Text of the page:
Enabling Screen Locking with Python

A few months ago, my employer needed to lock down some of our workstations to be compliant with some new software we were installing from another government organization. We needed to force those machines to lock after so many minutes elapsed and we needed to make it such that the user could not change those settings. In this article, you’ll find out how do this and as a bonus, I’ll also show you how to lock your Windows machine on demand with Python.

Hacking the Registry to Lock the Machine

To start, we’ll take a look at my original script and then we’ll refactor it a bit to make the code better:

from _winreg import CreateKey, SetValueEx
from _winreg import HKEY_CURRENT_USER, HKEY_USERS
from _winreg import REG_DWORD, REG_SZ

try:
    i = 0
    while True:
        subkey = EnumKey(HKEY_USERS, i)
        if len(subkey) > 30:
            break
        i += 1
except WindowsError:
    # WindowsError: [Errno 259] No more data is available
    # looped through all the subkeys without finding the right one
    raise WindowsError("Could not apply workstation lock settings!")

keyOne = CreateKey(HKEY_USERS, r'%s\Control Panel\Desktop' % subkey)
keyTwo = CreateKey(HKEY_CURRENT_USER, r'Software\Microsoft\Windows\CurrentVersion\Policies\System')

# enable screen saver security
SetValueEx(keyOne, 'ScreenSaverIsSecure', 0, REG_DWORD, 1)
# set screen saver timeout
SetValueEx(keyOne, 'ScreenSaveTimeOut', 0, REG_SZ, '420')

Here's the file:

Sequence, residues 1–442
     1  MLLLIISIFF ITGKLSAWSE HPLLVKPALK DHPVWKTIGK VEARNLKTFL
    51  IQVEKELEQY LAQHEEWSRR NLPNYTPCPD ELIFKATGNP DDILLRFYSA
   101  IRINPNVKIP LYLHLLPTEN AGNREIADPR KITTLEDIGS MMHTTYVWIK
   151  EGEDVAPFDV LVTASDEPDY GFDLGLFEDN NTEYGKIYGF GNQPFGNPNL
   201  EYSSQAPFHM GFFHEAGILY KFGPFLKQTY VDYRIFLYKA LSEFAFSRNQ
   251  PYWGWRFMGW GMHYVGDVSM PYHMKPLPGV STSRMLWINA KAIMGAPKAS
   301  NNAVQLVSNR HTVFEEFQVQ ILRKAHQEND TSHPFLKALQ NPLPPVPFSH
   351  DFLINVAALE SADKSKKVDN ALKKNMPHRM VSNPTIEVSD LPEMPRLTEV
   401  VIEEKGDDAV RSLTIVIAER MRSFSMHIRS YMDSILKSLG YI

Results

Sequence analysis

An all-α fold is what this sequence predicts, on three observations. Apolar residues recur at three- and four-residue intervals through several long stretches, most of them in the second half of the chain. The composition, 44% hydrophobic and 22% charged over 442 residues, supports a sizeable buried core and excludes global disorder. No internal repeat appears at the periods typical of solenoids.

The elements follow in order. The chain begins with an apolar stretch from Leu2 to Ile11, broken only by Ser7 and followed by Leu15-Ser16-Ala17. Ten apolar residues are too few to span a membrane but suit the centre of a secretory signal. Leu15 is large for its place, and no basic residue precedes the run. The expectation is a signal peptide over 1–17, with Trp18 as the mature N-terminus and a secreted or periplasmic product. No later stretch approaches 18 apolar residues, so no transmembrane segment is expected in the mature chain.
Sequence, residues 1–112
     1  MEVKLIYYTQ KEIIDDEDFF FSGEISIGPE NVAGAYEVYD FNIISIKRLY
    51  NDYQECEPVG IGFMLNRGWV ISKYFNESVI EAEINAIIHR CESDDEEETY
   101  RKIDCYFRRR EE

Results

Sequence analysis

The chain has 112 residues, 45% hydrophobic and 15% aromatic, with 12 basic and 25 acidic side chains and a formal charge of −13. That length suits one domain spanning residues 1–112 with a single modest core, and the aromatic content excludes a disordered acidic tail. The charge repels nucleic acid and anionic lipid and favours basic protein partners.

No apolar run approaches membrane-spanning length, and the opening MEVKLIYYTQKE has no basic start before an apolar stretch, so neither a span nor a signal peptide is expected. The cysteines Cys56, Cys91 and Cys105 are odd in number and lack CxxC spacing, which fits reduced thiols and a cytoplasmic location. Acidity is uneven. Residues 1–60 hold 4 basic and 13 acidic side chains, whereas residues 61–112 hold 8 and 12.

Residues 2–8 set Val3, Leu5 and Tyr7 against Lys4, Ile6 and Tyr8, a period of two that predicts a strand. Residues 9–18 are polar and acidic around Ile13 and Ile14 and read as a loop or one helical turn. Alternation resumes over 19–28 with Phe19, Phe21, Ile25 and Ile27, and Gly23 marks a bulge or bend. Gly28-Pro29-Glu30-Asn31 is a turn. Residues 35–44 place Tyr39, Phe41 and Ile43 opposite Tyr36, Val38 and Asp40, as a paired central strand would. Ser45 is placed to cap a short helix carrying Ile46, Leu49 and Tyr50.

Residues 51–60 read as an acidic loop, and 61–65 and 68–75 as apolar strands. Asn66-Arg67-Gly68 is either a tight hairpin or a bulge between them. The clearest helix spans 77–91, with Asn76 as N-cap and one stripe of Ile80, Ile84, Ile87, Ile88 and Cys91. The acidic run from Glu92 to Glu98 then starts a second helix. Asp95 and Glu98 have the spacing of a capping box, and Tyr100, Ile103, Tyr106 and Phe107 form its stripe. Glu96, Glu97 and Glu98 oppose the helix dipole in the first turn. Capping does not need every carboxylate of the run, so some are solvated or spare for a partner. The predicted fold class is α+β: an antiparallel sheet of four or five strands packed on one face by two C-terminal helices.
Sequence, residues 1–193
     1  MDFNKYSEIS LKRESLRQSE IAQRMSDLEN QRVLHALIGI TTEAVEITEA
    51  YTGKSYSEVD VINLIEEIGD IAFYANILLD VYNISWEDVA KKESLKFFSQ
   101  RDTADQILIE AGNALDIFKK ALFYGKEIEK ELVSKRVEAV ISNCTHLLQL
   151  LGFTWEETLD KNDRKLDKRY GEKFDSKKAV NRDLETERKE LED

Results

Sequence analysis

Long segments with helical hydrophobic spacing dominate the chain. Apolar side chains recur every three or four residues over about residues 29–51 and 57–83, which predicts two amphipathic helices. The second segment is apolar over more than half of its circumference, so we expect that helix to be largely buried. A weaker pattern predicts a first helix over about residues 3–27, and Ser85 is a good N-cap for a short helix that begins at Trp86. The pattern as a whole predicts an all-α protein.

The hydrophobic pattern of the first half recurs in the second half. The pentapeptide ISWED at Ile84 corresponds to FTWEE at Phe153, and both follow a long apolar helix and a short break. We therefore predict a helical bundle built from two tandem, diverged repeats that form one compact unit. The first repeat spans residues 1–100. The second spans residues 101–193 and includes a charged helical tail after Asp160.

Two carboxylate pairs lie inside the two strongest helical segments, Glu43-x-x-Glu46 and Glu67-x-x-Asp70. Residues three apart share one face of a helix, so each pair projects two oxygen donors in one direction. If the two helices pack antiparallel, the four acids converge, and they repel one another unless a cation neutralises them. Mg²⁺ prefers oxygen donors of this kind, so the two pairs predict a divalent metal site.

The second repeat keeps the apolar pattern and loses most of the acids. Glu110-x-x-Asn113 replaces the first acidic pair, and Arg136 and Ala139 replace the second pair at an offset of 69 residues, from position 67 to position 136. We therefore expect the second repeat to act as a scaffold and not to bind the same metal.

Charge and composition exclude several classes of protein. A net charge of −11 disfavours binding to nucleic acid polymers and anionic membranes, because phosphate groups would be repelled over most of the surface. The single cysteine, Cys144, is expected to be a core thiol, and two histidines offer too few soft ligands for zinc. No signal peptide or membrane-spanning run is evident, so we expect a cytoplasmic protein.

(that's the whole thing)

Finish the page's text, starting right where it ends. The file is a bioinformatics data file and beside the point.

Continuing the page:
# set screen saver
SetValueEx(keyOne, 'SCRNSAVE.EXE', 0, REG_SZ, 'logon.scr')
# disable screen saver tab
SetValueEx(keyTwo, 'NoDispScrSavPage', 0, REG_DWORD, 1)

CloseKey(keyOne)
CloseKey(keyTwo)

It took a while to discover this, but to set the right key, we need to find the first sub-key that is larger than 30 characters in length under the HKEY_USERS hive. I’m sure there’s probably a better way to do this, but I haven’t found it yet. Anyway, once we’ve found the long key, we break out of the loop and open the keys we need or create them if they don’t already exist. This is the reason that we use CreateKey since it will do just that. Next, we set four values and then we close the keys to apply the new settings. You can read the comments to see what each key does. Now let’s refine the code a bit to make it into a function:

from _winreg import *

def modifyRegistry(key, sub_key, valueName, valueType, value):
    """
    A simple function used to change values in
    the Windows Registry.
    """
    try:
        key_handle = OpenKey(key, sub_key, 0, KEY_ALL_ACCESS)
    except WindowsError:
        key_handle = CreateKey(key, sub_key)
        
    SetValueEx(key_handle, valueName, 0, valueType, value)
    CloseKey(key_handle)
    
try:
    i = 0
    while True:
        subkey = EnumKey(HKEY_USERS, i)
        if len(subkey) > 30:
            break
        i += 1
except WindowsError:
    # WindowsError: [Errno 259] No more data is available
    # looped through all the subkeys without finding the right one